President Obama's approval rating dropped to 39 percent in the latest Gallup daily poll, his lowest mark in over two years.

The Gallup poll, which is based on a three-day rolling average, finds Obama at a 53 percent disapproval rating.

The numbers mark the first time Obama has been below the 40-percent threshold since mid-October of 2011, when he hit a low of 38 percent approval and 54 disapproval.

The poll’s findings come as the administration finds itself on the defensive amid a botched rollout of the president’s signature domestic achievement, Obamacare.

The website intended to enroll consumers in new insurance exchanges has been plagued with technical problems and millions are expected to be dropped from their current insurance plans as insurers adopt to the new law.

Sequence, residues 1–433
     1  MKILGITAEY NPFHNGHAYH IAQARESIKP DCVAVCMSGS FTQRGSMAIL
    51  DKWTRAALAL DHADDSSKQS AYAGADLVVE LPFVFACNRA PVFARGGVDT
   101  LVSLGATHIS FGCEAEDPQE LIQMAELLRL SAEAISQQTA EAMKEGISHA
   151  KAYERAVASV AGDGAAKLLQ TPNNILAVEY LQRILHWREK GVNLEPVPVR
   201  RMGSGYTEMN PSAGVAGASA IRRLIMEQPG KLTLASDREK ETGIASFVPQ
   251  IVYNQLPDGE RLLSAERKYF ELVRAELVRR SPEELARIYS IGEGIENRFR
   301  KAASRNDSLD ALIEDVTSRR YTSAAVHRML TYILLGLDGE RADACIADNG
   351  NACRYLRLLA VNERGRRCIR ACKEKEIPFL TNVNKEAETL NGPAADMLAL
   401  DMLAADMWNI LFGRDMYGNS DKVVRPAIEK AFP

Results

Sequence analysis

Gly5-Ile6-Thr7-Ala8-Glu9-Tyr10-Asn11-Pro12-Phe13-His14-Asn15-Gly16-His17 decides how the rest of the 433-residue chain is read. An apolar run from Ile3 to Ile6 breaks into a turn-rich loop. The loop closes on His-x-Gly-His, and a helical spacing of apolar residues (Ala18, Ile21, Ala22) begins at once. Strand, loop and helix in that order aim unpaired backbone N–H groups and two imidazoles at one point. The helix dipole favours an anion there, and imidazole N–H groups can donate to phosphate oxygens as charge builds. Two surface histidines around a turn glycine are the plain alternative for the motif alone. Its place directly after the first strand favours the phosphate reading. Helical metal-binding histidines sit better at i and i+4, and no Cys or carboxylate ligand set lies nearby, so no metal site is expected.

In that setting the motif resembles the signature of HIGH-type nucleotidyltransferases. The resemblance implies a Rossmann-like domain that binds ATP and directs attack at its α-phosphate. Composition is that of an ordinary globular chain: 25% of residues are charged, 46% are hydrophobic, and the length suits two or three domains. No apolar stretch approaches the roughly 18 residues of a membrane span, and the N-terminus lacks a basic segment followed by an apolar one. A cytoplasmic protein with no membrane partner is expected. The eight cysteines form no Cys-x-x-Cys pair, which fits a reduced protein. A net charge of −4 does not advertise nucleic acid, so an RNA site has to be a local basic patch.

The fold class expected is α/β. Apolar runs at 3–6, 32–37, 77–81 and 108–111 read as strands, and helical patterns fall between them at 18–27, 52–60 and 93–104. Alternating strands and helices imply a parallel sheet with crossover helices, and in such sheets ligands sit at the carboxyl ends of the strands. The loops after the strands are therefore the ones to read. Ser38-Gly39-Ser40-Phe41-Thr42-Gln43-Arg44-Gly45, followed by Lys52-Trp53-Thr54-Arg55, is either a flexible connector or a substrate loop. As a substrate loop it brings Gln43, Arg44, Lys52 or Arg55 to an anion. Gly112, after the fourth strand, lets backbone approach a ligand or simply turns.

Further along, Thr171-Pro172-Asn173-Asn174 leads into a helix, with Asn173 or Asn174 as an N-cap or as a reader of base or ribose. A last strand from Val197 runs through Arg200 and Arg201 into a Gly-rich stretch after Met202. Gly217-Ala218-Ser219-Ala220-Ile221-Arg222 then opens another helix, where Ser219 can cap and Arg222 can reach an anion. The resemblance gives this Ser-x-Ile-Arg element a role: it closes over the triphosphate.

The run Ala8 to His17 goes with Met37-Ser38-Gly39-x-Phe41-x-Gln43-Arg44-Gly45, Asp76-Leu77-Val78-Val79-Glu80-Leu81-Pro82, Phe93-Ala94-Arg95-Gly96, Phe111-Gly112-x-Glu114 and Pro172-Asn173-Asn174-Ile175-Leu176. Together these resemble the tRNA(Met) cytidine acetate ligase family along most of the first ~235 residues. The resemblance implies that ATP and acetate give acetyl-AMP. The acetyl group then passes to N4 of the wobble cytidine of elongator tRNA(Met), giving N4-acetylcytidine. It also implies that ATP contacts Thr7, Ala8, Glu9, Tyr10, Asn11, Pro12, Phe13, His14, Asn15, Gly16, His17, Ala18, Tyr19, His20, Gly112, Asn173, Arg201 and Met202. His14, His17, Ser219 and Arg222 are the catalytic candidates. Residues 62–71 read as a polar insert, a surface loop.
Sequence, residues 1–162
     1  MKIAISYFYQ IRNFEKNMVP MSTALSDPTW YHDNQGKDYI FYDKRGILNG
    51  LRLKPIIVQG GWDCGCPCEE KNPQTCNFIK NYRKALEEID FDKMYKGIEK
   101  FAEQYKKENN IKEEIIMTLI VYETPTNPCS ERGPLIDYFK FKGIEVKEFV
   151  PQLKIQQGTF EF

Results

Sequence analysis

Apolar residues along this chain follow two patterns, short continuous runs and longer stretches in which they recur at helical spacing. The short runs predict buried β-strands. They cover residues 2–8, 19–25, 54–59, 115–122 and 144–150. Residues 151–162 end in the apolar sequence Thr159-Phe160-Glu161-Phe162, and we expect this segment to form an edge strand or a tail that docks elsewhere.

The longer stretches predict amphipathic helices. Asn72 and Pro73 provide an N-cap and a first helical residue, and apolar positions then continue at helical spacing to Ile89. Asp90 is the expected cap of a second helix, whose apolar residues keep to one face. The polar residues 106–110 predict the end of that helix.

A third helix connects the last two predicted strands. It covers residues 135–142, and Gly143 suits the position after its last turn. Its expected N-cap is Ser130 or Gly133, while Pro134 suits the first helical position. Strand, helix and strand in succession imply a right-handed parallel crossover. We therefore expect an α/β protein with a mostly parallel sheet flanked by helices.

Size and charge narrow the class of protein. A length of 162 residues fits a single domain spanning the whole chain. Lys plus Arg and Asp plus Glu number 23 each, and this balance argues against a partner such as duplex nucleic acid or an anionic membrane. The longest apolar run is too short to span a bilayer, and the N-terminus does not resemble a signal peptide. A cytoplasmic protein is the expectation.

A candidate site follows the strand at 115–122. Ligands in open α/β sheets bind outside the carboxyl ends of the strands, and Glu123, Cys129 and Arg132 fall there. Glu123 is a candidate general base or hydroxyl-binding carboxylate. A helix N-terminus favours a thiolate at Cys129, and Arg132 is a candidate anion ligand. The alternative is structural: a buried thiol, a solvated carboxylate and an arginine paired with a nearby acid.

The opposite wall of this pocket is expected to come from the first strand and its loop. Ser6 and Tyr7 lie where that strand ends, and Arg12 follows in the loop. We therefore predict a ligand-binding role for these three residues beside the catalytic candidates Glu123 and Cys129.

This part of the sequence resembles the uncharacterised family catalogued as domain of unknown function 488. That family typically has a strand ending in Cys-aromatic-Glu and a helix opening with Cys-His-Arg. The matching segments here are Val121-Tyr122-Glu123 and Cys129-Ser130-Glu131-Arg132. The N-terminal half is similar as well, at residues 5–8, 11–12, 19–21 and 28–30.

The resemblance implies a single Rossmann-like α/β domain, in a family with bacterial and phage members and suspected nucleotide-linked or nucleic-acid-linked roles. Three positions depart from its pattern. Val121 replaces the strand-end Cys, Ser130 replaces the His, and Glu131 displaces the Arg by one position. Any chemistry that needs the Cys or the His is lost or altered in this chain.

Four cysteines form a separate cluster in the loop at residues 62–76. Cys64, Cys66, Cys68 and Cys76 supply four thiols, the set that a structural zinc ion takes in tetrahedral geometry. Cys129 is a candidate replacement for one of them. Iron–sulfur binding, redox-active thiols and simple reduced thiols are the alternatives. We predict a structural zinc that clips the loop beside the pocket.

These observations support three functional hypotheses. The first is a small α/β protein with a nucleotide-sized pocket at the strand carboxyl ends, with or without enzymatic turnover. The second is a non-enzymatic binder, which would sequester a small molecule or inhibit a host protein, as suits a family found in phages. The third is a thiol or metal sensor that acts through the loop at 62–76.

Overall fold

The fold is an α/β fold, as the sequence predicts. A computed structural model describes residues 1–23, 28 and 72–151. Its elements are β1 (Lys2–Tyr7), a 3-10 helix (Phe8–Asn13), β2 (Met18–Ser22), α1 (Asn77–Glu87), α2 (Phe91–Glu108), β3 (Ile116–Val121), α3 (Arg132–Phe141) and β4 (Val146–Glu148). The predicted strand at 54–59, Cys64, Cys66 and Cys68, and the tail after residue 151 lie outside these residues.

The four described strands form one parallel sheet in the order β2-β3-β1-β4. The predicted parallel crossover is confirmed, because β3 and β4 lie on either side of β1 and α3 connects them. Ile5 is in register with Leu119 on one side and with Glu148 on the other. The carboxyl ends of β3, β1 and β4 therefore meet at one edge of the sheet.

Critics have accused the president of misleading the public by repeatedly claiming that people could keep their insurance coverage if they liked it under Obamacare.

The White House has pushed back against the criticism, saying that Obama meant only that consumers could keep their coverage if it did not change because of the health care law. Officials say those dropped from coverage can find better plans for less through Obamacare.

The faulty website has also led the administration to admit that initial enrollment figures in Obamacare will be short of expectations, though they insist those numbers will grow nearer to the deadline for signing up.

Obama has vowed to quickly fix the website, with officials promising it will work “smoothly” by December. But the missteps have emboldened critics of Obamacare, who say that the website and dropped plans show that the entire law is unworkable.

The Gallup poll comes on the heels of another poll last week that also found Obama at a new low. The Wall Street Journal/NBC News poll found the president with a 42 percent approval and 51 disapproval split.

That poll attributed Obama’s slide to a number of controversies, including the Obamacare rollout, new leaks detailing the extent of the National Security Agency’s surveillance programs and the 16-day government shutdown.